Invented by Arthur Scherbius in 1918, the Enigma cipher machine was adopted as the primary coding machine for all branches of the German military and High Command starting in 1926. Polish mathematicians first broke the Enigma code in the late 1920’s and designed the first machines to successfully attack the Enigma code.
The groundbreaking success of the Poles allowed the British at Bletchley Park, and later, the Americans in Dayton, Ohio to regularly read German coded transmissions throughout World War II. Relatively few Enigma machines survived the war as the retreating German armies destroyed them to avoid their capture and, at the end of the war, Churchill ordered the remaining machines destroyed.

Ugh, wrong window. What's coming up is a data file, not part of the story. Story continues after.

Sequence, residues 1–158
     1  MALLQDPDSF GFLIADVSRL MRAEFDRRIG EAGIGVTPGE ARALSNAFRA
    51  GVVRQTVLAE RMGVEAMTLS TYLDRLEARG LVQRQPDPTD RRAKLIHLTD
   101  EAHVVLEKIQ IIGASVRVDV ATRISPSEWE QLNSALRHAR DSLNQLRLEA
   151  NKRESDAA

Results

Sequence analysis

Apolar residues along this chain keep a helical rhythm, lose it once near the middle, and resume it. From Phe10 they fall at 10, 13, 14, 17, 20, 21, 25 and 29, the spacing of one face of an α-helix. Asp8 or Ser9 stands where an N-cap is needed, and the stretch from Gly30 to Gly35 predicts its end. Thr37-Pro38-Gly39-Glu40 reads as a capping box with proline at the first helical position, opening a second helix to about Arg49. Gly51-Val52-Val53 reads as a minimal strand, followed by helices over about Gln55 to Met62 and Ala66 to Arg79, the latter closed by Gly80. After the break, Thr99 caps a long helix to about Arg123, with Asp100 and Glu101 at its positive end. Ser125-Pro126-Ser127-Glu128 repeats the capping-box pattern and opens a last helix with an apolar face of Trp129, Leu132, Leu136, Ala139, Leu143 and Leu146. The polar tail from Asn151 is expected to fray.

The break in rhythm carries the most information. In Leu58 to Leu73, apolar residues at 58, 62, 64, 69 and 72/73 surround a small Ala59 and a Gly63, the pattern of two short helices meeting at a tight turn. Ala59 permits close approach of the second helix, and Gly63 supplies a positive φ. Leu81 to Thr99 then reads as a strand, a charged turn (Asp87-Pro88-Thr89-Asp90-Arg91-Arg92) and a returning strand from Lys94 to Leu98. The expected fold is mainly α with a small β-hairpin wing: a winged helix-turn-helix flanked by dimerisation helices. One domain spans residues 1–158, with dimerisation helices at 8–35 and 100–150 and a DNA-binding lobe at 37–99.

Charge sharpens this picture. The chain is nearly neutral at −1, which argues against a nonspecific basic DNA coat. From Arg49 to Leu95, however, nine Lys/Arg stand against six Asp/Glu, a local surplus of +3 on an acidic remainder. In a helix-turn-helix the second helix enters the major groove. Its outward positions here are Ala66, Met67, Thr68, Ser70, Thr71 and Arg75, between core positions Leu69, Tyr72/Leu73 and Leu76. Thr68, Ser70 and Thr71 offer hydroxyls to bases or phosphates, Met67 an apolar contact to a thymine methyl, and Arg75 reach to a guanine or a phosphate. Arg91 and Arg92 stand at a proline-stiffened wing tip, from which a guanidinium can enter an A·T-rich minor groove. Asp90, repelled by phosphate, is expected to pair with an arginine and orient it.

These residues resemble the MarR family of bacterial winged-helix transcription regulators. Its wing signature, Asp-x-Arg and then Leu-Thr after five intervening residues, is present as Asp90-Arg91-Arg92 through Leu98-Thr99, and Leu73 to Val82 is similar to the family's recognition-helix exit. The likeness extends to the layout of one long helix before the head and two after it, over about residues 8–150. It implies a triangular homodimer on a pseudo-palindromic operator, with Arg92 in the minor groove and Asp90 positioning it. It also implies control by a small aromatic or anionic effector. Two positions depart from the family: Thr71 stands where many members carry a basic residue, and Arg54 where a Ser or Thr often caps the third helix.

Enigma Museum is devoted to locating, restoring, preserving, and trading in antique cipher, telegraph, scientific, and communications devices. Please see our For Sale page for current information on Enigma machines for sale.